Texas is referred to as "The Lone Star State" that is symbolized by the star on the 1836 flag of the republic. It is a reminder of the state's struggle for independence from Mexico. Texas is the top producer of oil in the nation, but it also leads in beef production, cotton production as well as the space industry and technology. Texas covers 261,797 square miles, with a 2015 estimated population of 27,469,114 people – 3,048,574 living in rural Texas (USDA-ERS). Austin, the capital, is located in the south-central region of the state. The state’s largest cities are Houston, Dallas and San Antonio. According to the U.S. Census Bureau, 79.7% of the state’s population is white, 12.5% Black/African American, 4.7% is Asian, and 38.8% is of Hispanic/Latino origin (U.S. Census, 2015).
Texas Rural Healthcare Facilities
There are 404 hospitals in Texas (Kaiser, 2015). The state has 81 hospitals identified as Critical Access Hospitals (Flex Team, 2/2017). There are 299 Rural Health Clinics in Texas (CMS, 2016), and 73 Federally Qualified Health Centers provide services at 447 sites in the state (NACHC, 2015).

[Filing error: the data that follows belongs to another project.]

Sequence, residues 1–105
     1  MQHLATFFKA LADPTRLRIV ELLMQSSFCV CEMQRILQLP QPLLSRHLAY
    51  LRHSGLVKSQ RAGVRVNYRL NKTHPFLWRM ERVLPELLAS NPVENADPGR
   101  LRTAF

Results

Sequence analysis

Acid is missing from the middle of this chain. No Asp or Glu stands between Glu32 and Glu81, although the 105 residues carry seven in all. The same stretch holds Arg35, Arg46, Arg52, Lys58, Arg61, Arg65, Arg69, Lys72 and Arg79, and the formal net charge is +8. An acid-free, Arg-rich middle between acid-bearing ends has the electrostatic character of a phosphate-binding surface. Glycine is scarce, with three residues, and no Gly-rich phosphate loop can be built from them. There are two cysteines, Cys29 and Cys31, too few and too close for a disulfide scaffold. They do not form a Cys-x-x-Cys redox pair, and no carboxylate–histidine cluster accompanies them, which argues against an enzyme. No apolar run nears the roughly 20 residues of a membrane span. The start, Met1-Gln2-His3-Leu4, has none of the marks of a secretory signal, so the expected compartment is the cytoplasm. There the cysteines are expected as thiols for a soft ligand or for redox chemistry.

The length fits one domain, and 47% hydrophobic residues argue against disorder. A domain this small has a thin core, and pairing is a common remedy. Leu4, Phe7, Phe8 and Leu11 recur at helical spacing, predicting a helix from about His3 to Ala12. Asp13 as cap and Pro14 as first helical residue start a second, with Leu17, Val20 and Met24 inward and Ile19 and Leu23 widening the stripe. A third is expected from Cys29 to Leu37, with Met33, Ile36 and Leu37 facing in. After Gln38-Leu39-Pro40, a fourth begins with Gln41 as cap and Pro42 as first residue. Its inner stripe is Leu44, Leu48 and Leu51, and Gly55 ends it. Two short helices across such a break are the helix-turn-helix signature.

Selected Social Determinants of Health for Rural Texas
Most Texans have some form of health insurance coverage, although 17% of its residents lack health insurance (Kaiser, 2014). According to the USDA Economic Research Service, the average per-capita income for Texans in 2015 was $46,947, although rural per-capita income lagged at $38,996. The ERS reports, based on 2015 ACS data, that the poverty rate in rural Texas is 17.8%, compared with 15.6% in urban areas of the state. 21.9% of the rural population has not completed high school, while 17.5% of the urban population lacks a high school diploma according to 2011-2015 ACS data reported by ERS. The unemployment rate in rural Texas is 5.2% and in urban Texas is 4.4% (USDA-ERS, 2015).For a national comparison, please see an overview of the United States.
Centers for Medicare and Medicaid Services: Rural Health Clinic List; Flex Monitoring Team: Critical Access Hospital List; Kaiser Family Foundation State Health Facts; National Association of Community Health Centers: Key Health Center Data By State; U.S. Census Bureau QuickFacts; USDA Economic Research Service: State Fact Sheets
Serves as the primary state resource in planning, coordinating, and advocating statewide efforts to ensure continued access to rural health care services.
There are more organizations related to Texas in the organizations section.
Last Reviewed: 12/9/2016